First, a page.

Growth in terms of cities reached is another major priority. “What we really want to do is have these programs in every state if possible,” she said.

By Meena Lee

Photos courtesy of Urban Arts Partnership

Perrier-Jouët & Andrew Kudless' Upcoming Art Installation at DesignMiami/

Mable Yiu

It’s November, which means a few things in New York: 1) We are finally experiencing some east coast fall weather, 2) The holidays are coming very very soon, and 3) New Yorkers will be flocking to Miami at the end of the month for all of the big art and design fairs. For Perrier-Jouët, the iconic champagne house founded in 1811, their main focus of the month is number three—preparing for their art installation at DesignMiami/. 

This year, Perrier-Jouët is teaming up with designer and architect, Andrew Kudless, for an art installation that combines things the house has always prided themselves with—craft, heritage, nature and art. Art has always been incredibly important to Perrier-Jouët, as seen with their widely-popular Belle Epoque collections. While each year they have commissioned an artist to create an art installation at DesignMiami/ since 2012, this year’s partnership with Kudless—who’s based in San Francisco—marks their first year working with an American designer, rather than one from Europe. As said by the maison’s Creative Director, Axelle De Buffevent, “We were super happy to bring an American designer to Miami for the first time. For us, it’s taking a new angle, a new direction. It creates another point of tension.”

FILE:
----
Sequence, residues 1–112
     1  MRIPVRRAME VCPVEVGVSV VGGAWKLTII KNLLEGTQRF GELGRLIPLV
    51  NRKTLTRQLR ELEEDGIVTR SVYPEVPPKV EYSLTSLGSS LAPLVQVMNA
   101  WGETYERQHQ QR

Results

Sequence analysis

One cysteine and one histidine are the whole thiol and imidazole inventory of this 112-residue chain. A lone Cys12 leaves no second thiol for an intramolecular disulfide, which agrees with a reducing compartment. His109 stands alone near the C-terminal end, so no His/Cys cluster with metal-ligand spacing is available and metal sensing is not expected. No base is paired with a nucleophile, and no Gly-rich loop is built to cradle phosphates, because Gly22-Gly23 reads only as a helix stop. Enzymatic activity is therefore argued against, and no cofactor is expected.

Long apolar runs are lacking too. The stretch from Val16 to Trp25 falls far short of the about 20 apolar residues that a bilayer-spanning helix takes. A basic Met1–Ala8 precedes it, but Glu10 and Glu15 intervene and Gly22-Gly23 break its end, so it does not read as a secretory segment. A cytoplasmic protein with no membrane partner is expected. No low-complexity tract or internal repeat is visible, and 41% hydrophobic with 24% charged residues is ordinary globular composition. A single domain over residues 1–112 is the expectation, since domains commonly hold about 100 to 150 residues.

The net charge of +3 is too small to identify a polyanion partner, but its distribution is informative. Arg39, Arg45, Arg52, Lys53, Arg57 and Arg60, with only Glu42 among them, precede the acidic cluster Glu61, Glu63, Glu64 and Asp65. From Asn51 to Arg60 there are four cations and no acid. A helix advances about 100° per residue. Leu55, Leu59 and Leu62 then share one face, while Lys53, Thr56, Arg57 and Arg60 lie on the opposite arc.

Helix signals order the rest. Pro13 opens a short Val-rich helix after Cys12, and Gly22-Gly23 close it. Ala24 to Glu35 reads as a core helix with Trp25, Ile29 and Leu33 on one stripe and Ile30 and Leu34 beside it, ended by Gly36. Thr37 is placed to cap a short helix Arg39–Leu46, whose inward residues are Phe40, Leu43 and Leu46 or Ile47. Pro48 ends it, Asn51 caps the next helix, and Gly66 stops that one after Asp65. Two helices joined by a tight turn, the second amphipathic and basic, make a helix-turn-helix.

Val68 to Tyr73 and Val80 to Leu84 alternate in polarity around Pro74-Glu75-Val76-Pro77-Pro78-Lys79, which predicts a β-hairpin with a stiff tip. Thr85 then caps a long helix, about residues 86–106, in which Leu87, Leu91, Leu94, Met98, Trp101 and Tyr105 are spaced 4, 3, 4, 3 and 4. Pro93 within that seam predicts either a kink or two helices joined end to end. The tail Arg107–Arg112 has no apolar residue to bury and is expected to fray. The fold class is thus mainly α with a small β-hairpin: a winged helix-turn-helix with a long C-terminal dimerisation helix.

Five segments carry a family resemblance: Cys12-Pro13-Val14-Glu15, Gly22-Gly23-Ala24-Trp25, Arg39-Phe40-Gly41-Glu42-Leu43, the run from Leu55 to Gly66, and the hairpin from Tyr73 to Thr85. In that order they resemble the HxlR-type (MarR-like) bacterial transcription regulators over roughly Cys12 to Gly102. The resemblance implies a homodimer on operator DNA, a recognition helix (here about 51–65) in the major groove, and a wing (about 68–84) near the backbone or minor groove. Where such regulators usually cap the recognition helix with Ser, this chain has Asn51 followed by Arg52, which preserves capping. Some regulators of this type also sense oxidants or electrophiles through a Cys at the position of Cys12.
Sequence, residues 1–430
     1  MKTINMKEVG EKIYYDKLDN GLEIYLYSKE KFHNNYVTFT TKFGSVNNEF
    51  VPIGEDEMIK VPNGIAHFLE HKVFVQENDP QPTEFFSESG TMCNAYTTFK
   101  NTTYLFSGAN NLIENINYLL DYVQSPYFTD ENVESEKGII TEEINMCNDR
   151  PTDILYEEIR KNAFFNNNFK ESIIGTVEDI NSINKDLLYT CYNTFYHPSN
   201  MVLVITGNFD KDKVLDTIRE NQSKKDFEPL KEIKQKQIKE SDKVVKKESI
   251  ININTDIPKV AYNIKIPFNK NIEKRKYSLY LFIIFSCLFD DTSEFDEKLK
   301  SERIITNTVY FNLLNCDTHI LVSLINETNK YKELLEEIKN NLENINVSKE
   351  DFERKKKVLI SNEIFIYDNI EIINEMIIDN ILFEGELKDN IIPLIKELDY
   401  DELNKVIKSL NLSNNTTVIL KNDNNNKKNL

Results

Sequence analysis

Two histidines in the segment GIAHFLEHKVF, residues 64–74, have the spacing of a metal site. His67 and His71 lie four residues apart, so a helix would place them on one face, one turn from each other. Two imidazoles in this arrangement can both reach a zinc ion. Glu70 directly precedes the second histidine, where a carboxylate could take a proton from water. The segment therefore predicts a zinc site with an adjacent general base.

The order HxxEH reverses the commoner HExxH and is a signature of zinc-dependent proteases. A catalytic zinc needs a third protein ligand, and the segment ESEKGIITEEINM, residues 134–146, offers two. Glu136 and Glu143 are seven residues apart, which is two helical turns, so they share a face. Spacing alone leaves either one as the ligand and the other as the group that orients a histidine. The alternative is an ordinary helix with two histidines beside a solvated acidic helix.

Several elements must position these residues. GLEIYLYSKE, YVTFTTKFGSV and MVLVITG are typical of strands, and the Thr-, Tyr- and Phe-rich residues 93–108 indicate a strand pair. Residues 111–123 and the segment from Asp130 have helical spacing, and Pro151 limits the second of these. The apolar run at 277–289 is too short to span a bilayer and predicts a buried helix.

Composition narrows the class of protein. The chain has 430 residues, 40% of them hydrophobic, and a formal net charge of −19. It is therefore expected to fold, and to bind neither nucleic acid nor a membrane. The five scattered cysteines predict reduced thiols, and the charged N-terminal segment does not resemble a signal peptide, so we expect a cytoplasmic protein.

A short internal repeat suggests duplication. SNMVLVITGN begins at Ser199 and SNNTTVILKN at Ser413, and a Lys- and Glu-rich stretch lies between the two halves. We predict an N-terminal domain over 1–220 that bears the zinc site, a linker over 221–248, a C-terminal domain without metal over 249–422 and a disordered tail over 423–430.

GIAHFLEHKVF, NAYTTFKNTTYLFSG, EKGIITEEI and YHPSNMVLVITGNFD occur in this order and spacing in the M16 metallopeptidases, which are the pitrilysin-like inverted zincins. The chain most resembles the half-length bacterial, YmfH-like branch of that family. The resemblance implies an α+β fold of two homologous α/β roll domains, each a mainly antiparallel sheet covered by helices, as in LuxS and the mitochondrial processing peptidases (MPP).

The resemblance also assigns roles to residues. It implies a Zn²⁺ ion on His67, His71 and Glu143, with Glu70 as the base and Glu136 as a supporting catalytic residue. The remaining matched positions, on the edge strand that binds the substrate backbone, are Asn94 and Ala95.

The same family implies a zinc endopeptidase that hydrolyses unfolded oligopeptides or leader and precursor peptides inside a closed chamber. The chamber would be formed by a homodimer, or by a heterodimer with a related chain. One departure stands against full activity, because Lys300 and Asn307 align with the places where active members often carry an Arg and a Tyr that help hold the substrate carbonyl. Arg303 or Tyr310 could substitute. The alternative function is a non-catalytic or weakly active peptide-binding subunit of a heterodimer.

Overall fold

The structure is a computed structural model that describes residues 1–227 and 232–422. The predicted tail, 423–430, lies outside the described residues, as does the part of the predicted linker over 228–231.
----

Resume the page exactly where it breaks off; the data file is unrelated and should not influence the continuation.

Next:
Having started the discussion for this year’s installation 16 months ago, Perrier-Jouët and Kudless are now in the final stages of putting everything together. Again and again, the idea of combining craft and technology comes up in our meeting with De Buffevent. In one example, she discusses using technology as an enhancement in the current champagne-making process: “We still make champagne the same way we did in 1811. We bring technology in, but the making is the same exact way. Some things were handmade, but now we have some handmade and some mechanically turned.”